This prize is irregular, unjust, and contrary to the rights of nations, and Sieurs Liebaert, Baes, Derdeyn and Co. have reason that the conduct of the said captain Darby will be disapproved by congress, and the ship and cargo restored with damages and interest.

It is certain, and the papers on board, which Darby is obliged to shew, will prove that this vessel is not English property, but it actually belongs to the Sieurs Liebaert, Baes, Derdeyn and Co. agreeable to the contract of the property, and his imperial and royal majesty's sea letters, that she actually sailed under the protection of this august monarch; that her cargo composed of innocent merchandize, that is to say, not contraband in war, the commerce of which is permitted to neutral powers, even with the belligerent parties, was for account and risk of the said capitulants of Dominica, and the Sieurs Liebaert, Baes, Derdeyn and Co. these facts being proved, it will follow that the Hope privateer, had no right to stop the brig, and that by so do. ing, she contravened the laws adopted by all the powers who have subscribed the covenant of the armed neutrality, laws which the congress of the United States of America, have enjoined their cruizers to observe. ..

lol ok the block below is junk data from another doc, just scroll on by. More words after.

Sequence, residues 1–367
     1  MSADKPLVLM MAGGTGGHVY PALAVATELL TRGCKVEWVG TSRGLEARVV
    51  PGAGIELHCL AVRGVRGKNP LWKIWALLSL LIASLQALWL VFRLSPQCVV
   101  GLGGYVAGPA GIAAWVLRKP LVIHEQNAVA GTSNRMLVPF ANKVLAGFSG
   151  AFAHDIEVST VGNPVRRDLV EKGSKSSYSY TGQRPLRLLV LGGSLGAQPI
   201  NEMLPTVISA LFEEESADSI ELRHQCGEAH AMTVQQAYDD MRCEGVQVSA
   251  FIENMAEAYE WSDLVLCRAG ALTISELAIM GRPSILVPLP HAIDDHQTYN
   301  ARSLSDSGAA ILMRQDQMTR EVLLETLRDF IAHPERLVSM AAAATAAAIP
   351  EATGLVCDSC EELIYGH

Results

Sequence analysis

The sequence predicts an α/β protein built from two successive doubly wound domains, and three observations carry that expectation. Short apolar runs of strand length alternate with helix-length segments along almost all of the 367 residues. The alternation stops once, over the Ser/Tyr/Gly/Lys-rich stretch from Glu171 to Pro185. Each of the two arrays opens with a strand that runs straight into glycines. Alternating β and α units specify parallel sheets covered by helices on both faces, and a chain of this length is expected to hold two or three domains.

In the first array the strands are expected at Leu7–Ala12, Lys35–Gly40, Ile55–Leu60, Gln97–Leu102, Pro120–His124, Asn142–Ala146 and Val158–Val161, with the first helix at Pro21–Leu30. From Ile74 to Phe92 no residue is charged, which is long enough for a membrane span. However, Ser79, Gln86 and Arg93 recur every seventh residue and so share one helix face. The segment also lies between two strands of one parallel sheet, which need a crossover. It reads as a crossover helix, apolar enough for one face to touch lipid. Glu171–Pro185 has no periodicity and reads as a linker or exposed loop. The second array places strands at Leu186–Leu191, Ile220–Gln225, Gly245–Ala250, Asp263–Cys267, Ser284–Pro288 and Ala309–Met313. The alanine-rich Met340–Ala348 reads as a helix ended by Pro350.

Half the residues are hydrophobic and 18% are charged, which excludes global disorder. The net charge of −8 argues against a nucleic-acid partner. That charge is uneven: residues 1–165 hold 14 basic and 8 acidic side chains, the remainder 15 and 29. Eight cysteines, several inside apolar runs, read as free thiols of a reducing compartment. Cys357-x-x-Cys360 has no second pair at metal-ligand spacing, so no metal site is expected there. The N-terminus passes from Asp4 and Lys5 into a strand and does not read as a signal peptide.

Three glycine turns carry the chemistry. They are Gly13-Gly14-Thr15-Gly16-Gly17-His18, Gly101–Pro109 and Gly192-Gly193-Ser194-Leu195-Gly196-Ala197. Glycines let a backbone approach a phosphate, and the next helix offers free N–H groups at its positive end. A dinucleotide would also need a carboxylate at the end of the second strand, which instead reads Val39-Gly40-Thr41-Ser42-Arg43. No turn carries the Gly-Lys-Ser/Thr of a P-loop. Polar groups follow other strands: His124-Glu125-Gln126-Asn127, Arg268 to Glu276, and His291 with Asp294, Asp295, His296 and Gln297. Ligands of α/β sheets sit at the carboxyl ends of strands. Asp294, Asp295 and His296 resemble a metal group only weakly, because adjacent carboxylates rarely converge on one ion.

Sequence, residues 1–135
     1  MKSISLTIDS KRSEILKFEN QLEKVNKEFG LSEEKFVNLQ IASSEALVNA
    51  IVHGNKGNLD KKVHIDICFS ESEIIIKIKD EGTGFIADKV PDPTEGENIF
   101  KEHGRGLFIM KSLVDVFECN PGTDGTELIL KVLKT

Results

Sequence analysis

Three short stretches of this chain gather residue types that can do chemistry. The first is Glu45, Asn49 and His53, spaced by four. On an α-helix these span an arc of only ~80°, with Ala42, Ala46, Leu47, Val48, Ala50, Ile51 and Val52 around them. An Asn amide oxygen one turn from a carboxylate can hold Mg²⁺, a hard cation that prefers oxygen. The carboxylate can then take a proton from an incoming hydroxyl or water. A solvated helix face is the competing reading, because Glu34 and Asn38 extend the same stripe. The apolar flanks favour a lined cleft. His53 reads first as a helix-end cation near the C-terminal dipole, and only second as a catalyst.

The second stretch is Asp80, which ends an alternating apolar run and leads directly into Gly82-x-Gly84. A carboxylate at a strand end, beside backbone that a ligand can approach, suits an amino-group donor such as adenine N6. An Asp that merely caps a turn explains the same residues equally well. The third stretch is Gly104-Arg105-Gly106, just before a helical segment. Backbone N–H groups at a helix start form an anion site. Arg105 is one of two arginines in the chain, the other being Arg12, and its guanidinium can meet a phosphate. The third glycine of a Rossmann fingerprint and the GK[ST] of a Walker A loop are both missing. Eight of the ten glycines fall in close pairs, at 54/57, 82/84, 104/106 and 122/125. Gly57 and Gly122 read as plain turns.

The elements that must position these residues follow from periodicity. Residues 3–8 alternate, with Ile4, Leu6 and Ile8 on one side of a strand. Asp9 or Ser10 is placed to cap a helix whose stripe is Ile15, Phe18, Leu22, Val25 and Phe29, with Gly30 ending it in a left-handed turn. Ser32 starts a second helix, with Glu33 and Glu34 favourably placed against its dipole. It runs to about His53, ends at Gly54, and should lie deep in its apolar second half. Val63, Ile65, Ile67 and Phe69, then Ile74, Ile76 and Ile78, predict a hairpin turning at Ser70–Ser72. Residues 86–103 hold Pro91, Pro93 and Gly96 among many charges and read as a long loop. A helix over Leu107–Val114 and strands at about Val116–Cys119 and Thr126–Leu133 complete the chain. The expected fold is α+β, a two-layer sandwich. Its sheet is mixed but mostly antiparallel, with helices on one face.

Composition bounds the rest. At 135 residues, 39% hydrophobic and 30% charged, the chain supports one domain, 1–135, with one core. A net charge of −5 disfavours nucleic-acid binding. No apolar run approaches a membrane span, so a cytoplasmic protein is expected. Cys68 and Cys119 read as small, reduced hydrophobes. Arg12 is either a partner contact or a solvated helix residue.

The means which Darby used to legitimate his pretended prize, is a direct act of piracy, which congress cannot pun. nish with too great severity, and it will be easy for them to do it. All the crew of the brig who are detained at Boston, will depose to the facts alledged by the Sieurs Liebaert, Baes, Derdeyn and Co, as follows. 1st. That when Darby stopt them, and visited and interrogated them, his vessel was under English colors.--2d. That the captain of the priva. teer availed himself of his superiority over Thompson, and the condition he was in, to oblige him to subscribe the paper in question; the force and tenor of which, he was certainly ignorant of.

The stopping of the brig under English colors, was on the part of Darby, an infringement of the regulations which require that every captain, who in the time of war would visit a ship, should summon her only under his proper dag,